The more things change, the more they stay the same.
The sticking point is not whether Americans must see eye-to-eye on these varied issues but whether they can agree that no one should be treated in such a fashion by their own government.
Our greatest defense against home-grown tyranny has always been our strength in numbers as a citizenry.
America’s founders hinted at it again and again. The Declaration of Independence refers to “one people.” The preamble to the Constitution opens with those three powerful words: “We the People.” Years later, the Gettysburg Address declared that we are a “government of the people, by the people, for the people.”
Despite these stark reminders that the government exists for our benefit and was intended to serve our needs, “We the People” have yet to marshal our greatest weapon against oppression: our strength lies in our numbers.
Had 318 million Americans taken to the streets to protest the government’s SWAT team raids that left innocent children like Aiyana Jonesor Baby Bou Boudead or scarred, there would be no 80,000 SWAT team raids a year.
Had 318 million Americans raised their voices against police shootings of unarmed citizens such as Alton Sterling and Walter Scott, there would be far less use of excessive force by the police.
Had 318 million Americans stood shoulder-to-shoulder and rejected the ruling oligarchy, pork barrel legislation, profit-driven prisons, endless wars and asset forfeiture schemes, government corruption would be the exception rather than the rule.
Had 318 million Americans told the government to stop drilling through sacred Native American lands, stop spraying protesters with water cannons in below-freezing temperatures, stop using its military might to intimidate and shut down First Amendment activity, and to stop allowing Corporate America to dictate how the battle lines are drawn, there would be no Standing Rock.
Unfortunately, 318 million Americans have yet to agree on anything, especially the source of their oppression.
This is how tyrants come to power and stay in power.
Authoritarian regimes begin with incremental steps. Overcriminalization, surveillance of innocent citizens, imprisonment for nonviolent—victimless—crimes, etc. Slowly, bit by bit, the citizenry finds its freedoms being curtailed and undermined for the sake of national security.
No one speaks up for those being targeted. No one resists these minor acts of oppression. No one recognizes the indoctrination into tyranny for what it is.
As I point out in my book “Battlefield America: The War on the American People”, historically this failure to speak truth to power has resulted in whole populations being conditioned to tolerate unspoken cruelty toward their fellow human beings, a bystander syndrome in which people remain silent and disengaged—mere onlookers—in the face of abject horrors and injustice.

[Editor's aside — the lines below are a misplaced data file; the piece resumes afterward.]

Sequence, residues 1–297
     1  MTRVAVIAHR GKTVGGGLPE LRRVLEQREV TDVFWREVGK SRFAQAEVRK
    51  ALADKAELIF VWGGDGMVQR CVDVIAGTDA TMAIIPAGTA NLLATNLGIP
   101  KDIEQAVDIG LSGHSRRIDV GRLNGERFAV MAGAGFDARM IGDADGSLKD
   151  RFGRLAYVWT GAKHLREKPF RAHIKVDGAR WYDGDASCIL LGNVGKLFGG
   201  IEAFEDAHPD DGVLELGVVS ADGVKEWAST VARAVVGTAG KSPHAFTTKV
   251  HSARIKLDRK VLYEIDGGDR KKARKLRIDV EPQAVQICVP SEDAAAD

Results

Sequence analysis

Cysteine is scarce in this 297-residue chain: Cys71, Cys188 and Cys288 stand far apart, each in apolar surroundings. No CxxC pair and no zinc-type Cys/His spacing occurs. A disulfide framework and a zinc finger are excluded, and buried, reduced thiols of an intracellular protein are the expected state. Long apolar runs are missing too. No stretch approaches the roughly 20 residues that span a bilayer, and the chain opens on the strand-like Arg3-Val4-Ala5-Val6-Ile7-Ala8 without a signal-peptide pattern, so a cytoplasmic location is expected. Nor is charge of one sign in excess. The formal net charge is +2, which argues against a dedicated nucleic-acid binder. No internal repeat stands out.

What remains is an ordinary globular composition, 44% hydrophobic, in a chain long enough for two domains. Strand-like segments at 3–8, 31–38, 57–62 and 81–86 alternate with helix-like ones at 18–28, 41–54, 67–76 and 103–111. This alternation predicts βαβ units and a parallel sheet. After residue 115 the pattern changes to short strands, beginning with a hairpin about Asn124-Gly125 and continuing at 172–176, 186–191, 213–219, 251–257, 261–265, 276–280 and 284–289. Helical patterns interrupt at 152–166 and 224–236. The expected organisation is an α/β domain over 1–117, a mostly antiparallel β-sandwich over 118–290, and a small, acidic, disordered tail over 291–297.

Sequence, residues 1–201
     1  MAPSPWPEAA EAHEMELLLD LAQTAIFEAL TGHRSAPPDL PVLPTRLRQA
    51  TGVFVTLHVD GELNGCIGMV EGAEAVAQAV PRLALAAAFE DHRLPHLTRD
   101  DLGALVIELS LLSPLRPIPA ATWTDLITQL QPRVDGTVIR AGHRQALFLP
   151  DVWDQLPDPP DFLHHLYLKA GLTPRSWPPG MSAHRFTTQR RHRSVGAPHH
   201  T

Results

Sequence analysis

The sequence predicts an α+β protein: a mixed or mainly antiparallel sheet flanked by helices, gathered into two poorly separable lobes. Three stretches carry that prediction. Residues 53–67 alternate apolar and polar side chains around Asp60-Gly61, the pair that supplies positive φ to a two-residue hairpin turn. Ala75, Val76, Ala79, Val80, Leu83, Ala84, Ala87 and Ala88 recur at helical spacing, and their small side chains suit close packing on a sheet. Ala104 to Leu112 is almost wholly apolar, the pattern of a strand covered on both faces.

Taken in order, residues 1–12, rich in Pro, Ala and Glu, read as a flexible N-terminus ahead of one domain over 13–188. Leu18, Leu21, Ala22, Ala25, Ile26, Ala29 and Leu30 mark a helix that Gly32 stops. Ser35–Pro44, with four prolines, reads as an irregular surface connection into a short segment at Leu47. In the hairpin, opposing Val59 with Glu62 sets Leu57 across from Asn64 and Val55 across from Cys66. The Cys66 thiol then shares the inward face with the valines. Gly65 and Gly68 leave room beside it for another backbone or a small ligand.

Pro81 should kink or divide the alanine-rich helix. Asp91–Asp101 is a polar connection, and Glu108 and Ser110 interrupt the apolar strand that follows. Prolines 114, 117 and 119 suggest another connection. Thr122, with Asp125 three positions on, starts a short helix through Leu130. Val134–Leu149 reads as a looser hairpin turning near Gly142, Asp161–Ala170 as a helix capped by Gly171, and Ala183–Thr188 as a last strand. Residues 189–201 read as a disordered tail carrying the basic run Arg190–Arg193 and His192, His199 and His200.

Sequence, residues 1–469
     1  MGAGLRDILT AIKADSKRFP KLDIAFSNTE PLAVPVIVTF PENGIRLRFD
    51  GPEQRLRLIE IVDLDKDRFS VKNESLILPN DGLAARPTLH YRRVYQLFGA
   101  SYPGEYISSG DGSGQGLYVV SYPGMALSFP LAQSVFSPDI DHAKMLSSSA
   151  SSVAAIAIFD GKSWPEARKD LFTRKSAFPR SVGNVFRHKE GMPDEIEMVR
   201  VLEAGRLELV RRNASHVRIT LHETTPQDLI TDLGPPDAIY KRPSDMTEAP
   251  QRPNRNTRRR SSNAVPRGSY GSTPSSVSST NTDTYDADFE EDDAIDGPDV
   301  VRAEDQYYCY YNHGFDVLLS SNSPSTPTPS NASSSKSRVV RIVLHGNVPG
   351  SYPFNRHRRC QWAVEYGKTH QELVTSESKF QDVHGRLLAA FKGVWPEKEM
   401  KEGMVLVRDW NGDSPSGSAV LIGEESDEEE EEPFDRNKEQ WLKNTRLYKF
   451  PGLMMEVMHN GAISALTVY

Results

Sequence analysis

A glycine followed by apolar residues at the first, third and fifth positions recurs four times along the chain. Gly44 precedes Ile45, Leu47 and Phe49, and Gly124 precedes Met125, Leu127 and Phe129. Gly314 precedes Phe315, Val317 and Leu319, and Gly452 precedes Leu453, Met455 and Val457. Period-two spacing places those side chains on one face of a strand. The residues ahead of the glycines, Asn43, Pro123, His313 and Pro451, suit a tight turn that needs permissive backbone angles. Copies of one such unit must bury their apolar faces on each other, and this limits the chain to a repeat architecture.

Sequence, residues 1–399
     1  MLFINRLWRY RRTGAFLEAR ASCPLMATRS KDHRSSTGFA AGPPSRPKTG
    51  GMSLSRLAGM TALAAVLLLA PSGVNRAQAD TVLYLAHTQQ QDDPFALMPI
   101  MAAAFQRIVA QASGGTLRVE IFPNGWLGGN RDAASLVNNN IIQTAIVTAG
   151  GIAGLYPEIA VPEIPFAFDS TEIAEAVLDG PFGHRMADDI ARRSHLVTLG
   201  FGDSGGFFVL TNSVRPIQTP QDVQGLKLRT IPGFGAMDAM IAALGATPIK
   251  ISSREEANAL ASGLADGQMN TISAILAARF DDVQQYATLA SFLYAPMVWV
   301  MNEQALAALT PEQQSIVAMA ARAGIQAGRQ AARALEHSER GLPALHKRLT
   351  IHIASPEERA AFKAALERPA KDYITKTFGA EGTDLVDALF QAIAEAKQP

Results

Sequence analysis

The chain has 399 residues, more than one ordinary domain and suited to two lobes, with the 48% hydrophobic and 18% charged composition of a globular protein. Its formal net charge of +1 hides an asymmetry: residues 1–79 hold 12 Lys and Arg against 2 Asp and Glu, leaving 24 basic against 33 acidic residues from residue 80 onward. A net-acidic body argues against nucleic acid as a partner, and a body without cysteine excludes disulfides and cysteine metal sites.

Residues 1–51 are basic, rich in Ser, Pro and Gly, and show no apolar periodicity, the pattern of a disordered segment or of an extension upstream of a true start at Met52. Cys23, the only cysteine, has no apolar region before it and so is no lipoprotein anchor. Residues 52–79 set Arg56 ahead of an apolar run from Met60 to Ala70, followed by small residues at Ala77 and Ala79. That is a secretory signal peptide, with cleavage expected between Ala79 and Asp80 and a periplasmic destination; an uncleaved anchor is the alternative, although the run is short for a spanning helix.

Time has insulated us from the violence perpetrated by past regimes in their pursuit of power: the crucifixion and slaughter of innocents by the Romans, the torture of the Inquisition, the atrocities of the Nazis, the butchery of the Fascists, the bloodshed by the Communists, and the cold-blooded war machines run by the military industrial complex.
We can disassociate from such violence. We can convince ourselves that we are somehow different from the victims of government abuse. We can treat news coverage of protests such as Standing Rock and the like as just another channel to flip in our search for better entertainment. We can continue to spout empty campaign rhetoric about how great America is, despite the evidence to the contrary. We can avoid responsibility for holding the government accountable. We can zip our lips and bind our hands and shut our eyes.
In other words, we can continue to exist in a state of denial.
Whatever we do or don’t do, it won’t change the facts: the police state is here.
“There comes a time,” concluded Martin Luther King Jr., “when silence is betrayal.”
The people of Nazi Germany learned this lesson the hard way.
A German pastor who openly opposed Hitler and spent the last seven years of Nazi rule in a concentration camp, Martin Niemoller warned:
First they came for the Socialists, and I did not speak out—Because I was not a Socialist. Then they came for the Trade Unionists, and I did not speak out—Because I was not a Trade Unionist. Then they came for the Jews, and I did not speak out—Because I was not a Jew. Then they came for me—and there was no one left to speak for me.
The people of the American Police State will never have any hope of fighting government tyranny if we’re busy fighting each other.
When all is said and done, the only thing we really need to agree on is that we are all Americans.
So if this isn’t your fight—if you believe that authority is more important than liberty—if you don’t agree with a particular group’s position on an issue and by your silence tacitly support the treatment meted out to them—if you think you’re a better citizen or a more patriotic American—if you want to play it safe—and if don’t want to risk getting shot, tased, pepper-sprayed, struck with a baton, thrown to the ground, arrested and/or labeled an extremist—then by all means, remain silent. Stand down. Cower in the face of the police. Turn your eyes away from injustice. Find any excuse to suggest that the so-called victims of the police state deserved what they got.
But remember, when that rifle (or taser, or water cannon, or bully stick) finally gets pointed in your direction—and it will—when there’s no one left to stand up for you or speak up for you, remember that you were warned.
John W. Whitehead is founder and president of The Rutherford Institute.